A good overview on the challenges and opportunities for Canadian healthcare by André Picard of the Globe. Following quote captures how the challenge has changed.
In 1957 – when the program became nominally national – the average age of Canadians was 27. Health care consisted of acute, episodic care: going to the doctor for treatment of an infectious disease, or to the hospital to give birth, have surgery or die.
Today, the average age of Canadians is 47. The technological advances of the past half century have been dizzying. The vast majority of our care needs are now for treatment of chronic illnesses.
Neither the model for delivering care nor the insurance payment model has adapted to the new reality. You can’t deliver modern health care with a 1950s model.
With respect to the choices that need to be made:
Universal coverage is not a synonym for unlimited, open-ended coverage. There are choices to be made. They include:
- As stated already, defining clearly what is covered by medicare and what is not;
- Paying only for what works: There are a lot of interventions that are of dubious value or that are not cost-effective. They shouldn’t be covered by public insurance;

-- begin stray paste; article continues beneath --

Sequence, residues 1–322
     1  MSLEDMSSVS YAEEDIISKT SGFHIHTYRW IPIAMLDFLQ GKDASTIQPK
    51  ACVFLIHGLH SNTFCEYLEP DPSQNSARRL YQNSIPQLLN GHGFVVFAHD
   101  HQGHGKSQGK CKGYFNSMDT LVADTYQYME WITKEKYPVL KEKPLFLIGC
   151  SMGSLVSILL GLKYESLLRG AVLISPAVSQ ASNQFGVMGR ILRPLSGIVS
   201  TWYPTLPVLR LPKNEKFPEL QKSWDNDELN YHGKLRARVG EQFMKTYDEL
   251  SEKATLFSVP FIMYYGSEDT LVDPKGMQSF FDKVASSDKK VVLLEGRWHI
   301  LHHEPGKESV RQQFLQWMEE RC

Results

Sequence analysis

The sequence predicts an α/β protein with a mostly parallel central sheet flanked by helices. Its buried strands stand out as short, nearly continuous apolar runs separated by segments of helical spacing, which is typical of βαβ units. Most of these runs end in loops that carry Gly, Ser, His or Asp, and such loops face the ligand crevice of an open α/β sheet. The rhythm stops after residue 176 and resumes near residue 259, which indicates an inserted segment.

- Paying a lot more attention to patients with complex needs because they drive costs. One per cent of patients account for 25 per cent of costs, and 5 per cent account for half of all spending;
- Instituting a means test: An equitable system does not mean you have to provide equal services to all at equal cost; user fees and co-payments are not necessarily unfair, but these approaches have to be used smartly;
- Regulating rather than outlawing private insurance and care. One of the most important lessons we have to take from Europeans is that we need a combination of a well-regulated private system and a well-managed public system.
Of course, the devil is in the details given the complexity of healthcare, the wide range of players and stakeholders, and the difficult politics, but a good thoughtful piece.